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I have been reading for a while now.

What I understood is:

  • nftables is the modern Linux kernel packet classification framework. nftables is the successor to iptables. It replaces the existing iptables, ip6tables, arptables, and ebtables framework.
  • x_tables is the name of the kernel module carrying the shared code portion used by iptables, ip6tables, arptables and ebtables thus, Xtables is more or less used to refer to the entire firewall (v4, v6, arp, and eb) architecture. As a system admin, I should not worry about xtables / x_tables (some people use the underscore, so not sure whether xtables is same as x_tables or not) which is actually some code in the kernel.
  • nftables uses nf_tables, where nf_tables is the name of the kernel module. As a system admin, I should not worry about nf_tables which is actually some code in the kernel.
  • iptables-nft is something that looks like iptables but acts like nftables. Its whole purpose is to migrate from iptables to nftables.
  • iptables-nft uses xtables-nft, where xtables-nft is the name of the kernel module. As a system admin, I should not worry about xtables-nft.

Please let my know whether the above statements are right or wrong. If wrong then please give me the correct statement.

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My view is that iptables, ip6tables, ebtables and arptable is a frontend tool-set to Netfilter.

They are a user-space tool-set that format and compile the rules to load them in the core Netfilter that runs in the kernel. You can find all the kernel parts of Netfilter in your modules directory ls /lib/modules/$(uname -r)/kernel/net/netfilter/ they have the form of yours nf_*, nft_*, xt_* kernel modules.

The problems with these tools is that they operate with rule granularity, so every adjust of rules implies to download ALL the kernel rules, make your modification on a binary blob, then upload it back to the kernel. This process become very intensive in CPU load when the rules becomes too numerous.

nftables is a rewrite of this tool series inside one unique tool (to rule them all ... ahemm), which make it simpler to use and more performant, but it is still a frontend to Netfilter, however the main differences is that it has a smooth syntax that is able to address every part of Netfilter, and it has the ability to modify the binary set of rules as a whole, directly inside Netfilter without having to download then and upload them one by one, which represent a big gain in performance.

This explain also that you can use both iptables and nftables to modify the rules but it is not recommended because you can't see precedence between different rules, or this precedence may not be what you wanted.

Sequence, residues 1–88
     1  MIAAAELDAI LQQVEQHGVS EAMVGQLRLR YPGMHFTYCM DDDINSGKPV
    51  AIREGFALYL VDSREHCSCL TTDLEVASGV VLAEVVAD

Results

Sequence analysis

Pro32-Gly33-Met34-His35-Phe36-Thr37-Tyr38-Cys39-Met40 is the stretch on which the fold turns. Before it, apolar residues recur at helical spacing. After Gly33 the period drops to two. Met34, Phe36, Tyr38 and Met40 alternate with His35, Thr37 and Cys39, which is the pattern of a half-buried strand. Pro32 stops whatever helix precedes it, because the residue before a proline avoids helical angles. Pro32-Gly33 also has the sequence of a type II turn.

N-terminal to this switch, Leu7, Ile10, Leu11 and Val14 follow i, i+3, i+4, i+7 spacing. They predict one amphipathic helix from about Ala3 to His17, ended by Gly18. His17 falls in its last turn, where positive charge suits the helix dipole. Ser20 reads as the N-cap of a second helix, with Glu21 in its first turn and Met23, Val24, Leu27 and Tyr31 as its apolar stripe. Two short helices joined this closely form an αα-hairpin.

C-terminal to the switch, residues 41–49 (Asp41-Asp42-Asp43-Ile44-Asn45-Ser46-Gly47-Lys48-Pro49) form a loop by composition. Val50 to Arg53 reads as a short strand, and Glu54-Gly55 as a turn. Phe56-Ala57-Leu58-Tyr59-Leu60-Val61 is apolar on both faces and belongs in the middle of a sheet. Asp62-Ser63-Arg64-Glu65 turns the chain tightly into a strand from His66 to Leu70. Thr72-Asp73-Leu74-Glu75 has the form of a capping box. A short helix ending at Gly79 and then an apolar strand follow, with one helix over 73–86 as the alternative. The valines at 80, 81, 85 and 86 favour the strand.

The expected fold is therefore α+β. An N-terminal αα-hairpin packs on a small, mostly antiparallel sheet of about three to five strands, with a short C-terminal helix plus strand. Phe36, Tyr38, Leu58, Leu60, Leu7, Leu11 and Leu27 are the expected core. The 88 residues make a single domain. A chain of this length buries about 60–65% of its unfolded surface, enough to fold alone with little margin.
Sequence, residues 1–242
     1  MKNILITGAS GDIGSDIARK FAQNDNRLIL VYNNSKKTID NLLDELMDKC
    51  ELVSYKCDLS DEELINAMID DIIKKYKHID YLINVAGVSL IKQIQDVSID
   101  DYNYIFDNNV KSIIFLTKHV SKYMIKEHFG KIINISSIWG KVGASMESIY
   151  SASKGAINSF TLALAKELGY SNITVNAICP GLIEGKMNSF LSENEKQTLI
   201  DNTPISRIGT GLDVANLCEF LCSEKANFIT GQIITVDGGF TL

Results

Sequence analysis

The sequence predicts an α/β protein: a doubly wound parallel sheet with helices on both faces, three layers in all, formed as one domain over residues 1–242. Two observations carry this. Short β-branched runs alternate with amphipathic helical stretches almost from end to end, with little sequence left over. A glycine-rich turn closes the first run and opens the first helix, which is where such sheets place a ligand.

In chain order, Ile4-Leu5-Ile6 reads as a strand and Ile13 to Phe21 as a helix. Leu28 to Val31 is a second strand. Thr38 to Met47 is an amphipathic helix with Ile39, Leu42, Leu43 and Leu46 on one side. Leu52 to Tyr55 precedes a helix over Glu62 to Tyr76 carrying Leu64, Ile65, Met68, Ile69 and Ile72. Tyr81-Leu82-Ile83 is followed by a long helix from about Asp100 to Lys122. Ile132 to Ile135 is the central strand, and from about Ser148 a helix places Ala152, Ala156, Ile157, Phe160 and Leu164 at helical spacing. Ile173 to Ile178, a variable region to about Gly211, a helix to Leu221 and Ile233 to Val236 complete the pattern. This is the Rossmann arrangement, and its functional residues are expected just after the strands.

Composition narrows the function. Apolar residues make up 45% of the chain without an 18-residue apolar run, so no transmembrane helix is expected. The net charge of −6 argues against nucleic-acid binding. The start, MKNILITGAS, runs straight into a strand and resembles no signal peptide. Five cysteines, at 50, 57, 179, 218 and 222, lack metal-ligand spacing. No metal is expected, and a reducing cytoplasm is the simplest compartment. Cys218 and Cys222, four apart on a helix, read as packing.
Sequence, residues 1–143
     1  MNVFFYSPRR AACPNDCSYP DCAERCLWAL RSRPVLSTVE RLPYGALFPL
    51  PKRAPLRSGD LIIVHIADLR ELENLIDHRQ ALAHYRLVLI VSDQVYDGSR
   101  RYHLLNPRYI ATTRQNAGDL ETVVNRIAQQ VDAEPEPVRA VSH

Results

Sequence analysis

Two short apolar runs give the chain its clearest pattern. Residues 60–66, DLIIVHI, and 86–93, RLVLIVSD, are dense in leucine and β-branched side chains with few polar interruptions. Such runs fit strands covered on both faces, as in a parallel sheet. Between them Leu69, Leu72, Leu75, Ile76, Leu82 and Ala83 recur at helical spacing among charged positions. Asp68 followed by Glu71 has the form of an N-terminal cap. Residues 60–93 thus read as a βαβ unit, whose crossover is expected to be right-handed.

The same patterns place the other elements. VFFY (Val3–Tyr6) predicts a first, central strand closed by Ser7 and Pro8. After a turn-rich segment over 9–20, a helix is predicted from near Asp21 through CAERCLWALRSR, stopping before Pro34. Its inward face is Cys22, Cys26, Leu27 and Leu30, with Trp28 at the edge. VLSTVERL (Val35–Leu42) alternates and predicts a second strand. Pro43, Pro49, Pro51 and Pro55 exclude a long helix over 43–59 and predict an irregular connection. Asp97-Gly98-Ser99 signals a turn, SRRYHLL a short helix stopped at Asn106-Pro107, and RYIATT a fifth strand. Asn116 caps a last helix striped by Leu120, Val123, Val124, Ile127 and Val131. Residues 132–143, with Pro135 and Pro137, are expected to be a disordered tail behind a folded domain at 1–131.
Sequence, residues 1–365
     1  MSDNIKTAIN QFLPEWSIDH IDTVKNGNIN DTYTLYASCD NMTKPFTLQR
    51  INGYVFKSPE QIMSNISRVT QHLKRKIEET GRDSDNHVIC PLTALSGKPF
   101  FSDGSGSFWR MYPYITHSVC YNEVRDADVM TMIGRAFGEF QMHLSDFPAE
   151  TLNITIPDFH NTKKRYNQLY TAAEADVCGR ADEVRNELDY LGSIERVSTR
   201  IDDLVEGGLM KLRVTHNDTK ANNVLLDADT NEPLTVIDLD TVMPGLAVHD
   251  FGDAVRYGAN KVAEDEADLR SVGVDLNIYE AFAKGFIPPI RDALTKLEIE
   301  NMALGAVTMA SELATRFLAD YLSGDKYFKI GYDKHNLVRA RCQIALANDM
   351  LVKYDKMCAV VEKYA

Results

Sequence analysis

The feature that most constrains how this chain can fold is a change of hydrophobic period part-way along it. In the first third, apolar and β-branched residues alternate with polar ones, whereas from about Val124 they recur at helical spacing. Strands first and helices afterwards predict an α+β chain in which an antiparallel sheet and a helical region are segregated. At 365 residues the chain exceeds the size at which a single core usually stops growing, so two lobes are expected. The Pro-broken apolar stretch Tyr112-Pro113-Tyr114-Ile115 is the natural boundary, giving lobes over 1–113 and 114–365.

Now, depending on distribution policy one can find different set of packages to works with the new Netfilter core kernel set modules. you mentioned xtables-nft : it is just a shortcut to designate an intermediary set (or package) of userspace tools made of {ip|ip6,eb,arp}tables with the ability to work on the new Netfilter core, the same way the olders tools were used to, so it helps and ease the migration from the old way to nftables (the new way).

There is also a package named iptables-legacy to keep ip{,6}tables set of traditional tools working the same way with the new Netfilter core without the ability to translate the rules directly to nftables, so Firewall scripting tools like ferm can keep working on new installation of modern kernel.

bridging the two, one can for example iptables-legacy-save |iptables-nft-restore to directly translate an old set of iptables rules to a new nftables ruleset.

xtables-nft is just a shortcut to designate an intermediary set (or package) of userspace tools made of {ip,eb,arp}tables with the ability to work on the new Netfilter core, the same way the olders tools were used to, so it helps and ease the migration from the old way to nftables (the new way)

regards.

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    You did not say anything about iptables-nft and xtables-nft. Jan 26, 2022 at 3:48
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    xtables-nft is just a shortcut to designate an intermediary set (or package) of userspace tools made of {ip,eb,arp}tables with the ability to work on the new Netfilter core, the same way the olders tools were used to, so it helps and ease the migration from the old way to nftables (the new way).
    – dominix
    Jan 26, 2022 at 4:46
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    It will be great if you could add this to your answer. Jan 26, 2022 at 4:56

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